Some Covid patients experience ringing in ears, tinnitus?
The death of Kent Taylor, the founder and chief executive of the Texas Roadhouse restaurant chain, has drawn attention to a possible link between COVID-19 and tinnitus (ringing in ears). Taylor, 65, died by suicide last week, and his family told news outlets, including The Washington Post, that he had been battling “post – Covid related symptoms, including severe tinnitus” at the time of his death.
Tinnitus is when you experience ringing or other noises in one or both of your ears. The noise you hear when you have tinnitus isn’t caused by an external sound, and other people usually can’t hear it. It is often a condition that is not medically serious. However, the distress and anxiety it produces can often disrupt people’s lives. Most people who have tinnitus have subjective tinnitus, or tinnitus that only you can hear. The noises of tinnitus may vary in pitch from a low roar to a high squeal, and you may hear it in one or both ears. In some cases, the sound can be so loud it interferes with your ability to concentrate or hear external sound. Tinnitus may be present all the time, or it may come and go.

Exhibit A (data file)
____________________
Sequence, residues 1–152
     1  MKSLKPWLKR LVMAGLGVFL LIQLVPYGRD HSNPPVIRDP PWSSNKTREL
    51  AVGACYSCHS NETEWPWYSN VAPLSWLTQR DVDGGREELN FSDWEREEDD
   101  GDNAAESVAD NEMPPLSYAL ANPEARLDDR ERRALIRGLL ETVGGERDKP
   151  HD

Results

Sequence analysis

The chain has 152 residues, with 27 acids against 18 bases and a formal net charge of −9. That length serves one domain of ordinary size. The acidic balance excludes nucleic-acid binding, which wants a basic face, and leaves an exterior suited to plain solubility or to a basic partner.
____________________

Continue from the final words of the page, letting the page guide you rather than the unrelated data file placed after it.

Taylor suffered from a variety of symptoms following his illness, including severe tinnitus, his family said in a statement, adding that his suffering had become “unbearable.” A study published Monday in the Journal of International Audiology that looked at nearly 60 case reports and studies found that 15% of adults with COVID-19 reported symptoms of tinnitus